Mr. Speaker, the legislation I have just introduced forms part of the eight point action plan on ethics, announced on June 11, 2002, by the Prime Minister of Canada, to improve the fairness and transparency of Canada's electoral system. These changes also build on an overhaul of our electoral legislation, which I introduced in the last Parliament through Bill C-2, to modernize many aspects of the Canada Elections Act.
There has long been a perception, whether founded or not, that certain groups in society--corporations, unions and the wealthy--may exercise undue influence in our political system through the financial contributions they make to political parties and candidates. This legislation addresses this perception and enhances the fairness and transparency of our political system by ensuring that full disclosure of contributions and financial controls would apply to all political participants.
While parties and candidates are already subject to disclosure requirements, other important participants in the political process are not.
According the bill, party riding associations, leadership candidates and nomination contestants would now be required to disclose contributions received as well as expenses incurred to the Chief Electoral Officer.
Furthermore, nomination contestants would be subject to a spending limit equivalent to 50% of the candidates' spending limit in the same riding in the previous election.
A further key element to the bill is a prohibition on contributions from corporations, unions and other associations. As a minor exception to this prohibition, corporations, union and associations would be allowed to contribute a maximum of $1,000 annually to the aggregate of candidates, local associations, and nomination contestants of a registered political party.
The bill would limit the amount that individuals could contribute: the aggregate of a $10,000 annual donation to a registered party, all of its local associations, candidates and nomination contestants combined. Individuals would be allowed to contribute $10,000 to the leadership contestants in a particular leadership campaign.
Together, these reforms would increase confidence of Canadians in our electoral system.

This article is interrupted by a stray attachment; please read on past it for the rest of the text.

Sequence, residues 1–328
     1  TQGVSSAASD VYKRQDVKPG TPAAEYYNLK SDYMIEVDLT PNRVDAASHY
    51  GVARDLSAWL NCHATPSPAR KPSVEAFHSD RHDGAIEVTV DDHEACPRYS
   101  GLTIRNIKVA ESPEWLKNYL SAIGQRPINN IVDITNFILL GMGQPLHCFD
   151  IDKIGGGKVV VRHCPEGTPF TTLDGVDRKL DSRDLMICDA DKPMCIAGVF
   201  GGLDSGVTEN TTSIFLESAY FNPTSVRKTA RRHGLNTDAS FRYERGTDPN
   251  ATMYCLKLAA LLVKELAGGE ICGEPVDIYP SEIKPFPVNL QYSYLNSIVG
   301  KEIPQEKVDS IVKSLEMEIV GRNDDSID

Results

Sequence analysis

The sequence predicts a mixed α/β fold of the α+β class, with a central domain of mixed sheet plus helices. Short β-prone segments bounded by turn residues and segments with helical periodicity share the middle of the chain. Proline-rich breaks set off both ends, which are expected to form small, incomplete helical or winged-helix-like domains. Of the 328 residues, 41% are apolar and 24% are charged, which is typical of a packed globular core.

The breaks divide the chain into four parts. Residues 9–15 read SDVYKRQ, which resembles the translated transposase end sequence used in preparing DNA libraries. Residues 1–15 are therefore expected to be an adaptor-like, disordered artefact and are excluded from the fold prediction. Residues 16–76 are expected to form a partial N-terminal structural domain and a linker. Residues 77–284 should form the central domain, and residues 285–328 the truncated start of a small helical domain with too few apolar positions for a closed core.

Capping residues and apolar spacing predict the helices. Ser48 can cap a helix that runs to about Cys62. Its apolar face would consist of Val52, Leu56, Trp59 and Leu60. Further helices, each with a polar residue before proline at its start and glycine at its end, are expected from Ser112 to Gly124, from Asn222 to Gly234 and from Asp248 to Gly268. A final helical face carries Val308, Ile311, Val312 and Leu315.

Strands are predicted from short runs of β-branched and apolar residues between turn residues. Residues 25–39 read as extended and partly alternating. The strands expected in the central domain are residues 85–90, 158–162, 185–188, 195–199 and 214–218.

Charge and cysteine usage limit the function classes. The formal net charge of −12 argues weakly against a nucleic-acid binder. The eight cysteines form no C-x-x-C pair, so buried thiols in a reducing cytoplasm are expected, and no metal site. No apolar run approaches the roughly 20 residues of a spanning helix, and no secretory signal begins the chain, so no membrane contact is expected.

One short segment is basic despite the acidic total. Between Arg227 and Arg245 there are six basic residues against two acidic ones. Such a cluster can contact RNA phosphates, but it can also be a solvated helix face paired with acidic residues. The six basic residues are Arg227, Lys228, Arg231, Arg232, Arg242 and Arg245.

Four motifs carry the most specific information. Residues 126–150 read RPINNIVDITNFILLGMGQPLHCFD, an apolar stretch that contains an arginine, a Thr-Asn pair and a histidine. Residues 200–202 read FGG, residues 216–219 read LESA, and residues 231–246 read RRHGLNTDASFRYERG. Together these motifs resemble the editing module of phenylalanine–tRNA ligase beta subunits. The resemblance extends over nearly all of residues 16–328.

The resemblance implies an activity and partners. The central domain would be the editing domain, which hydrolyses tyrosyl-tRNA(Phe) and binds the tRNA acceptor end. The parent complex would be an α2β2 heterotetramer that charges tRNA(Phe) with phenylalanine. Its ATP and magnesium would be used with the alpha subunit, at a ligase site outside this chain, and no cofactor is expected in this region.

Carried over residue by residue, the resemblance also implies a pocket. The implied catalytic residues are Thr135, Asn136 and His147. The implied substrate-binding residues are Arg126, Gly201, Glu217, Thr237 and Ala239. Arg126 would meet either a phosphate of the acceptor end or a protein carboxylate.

Of course, the virtual elimination of political contributions from corporations and unions, and the new limits on individual contributions, would have a significant financial impact on political parties and, to a lesser extent, on candidates.
For that reason, the bill would also increase the financial assistance already provided to political parties and candidates.
Thus, the percentage of election expenses that can be reimbursed to parties would be increased from 22.5% to 50%—as is already the case for candidates—and the definition of reimbursable election expenses would be broadened to include polling. The ceiling for expenses eligible for reimbursement would be increased correspondingly.
The qualification threshold for reimbursement of candidate expenses would be lowered from 15% to 10% of the number of valid votes cast in the riding.
This will allow more candidates—unsuccessful candidates in this case—to receive reimbursement after elections.
As is already done in three provinces, registered parties will receive an allowance. It will be paid quarterly on the basis of the percentage of votes they obtained in the previous general election.
The measures in the bill reflect consultations that I have had with a wide range of experts and stakeholders, as well as provincial authorities across the country. They also draw on political financing measures that are already in place in several Canadian provinces, and indeed other countries as well.
I look forward to working with all members of this House on these changes to strengthen the connection between Canadians and their political representatives, and to increase public confidence in the integrity of our electoral system, a system that is already recognized as one of the finest in the world.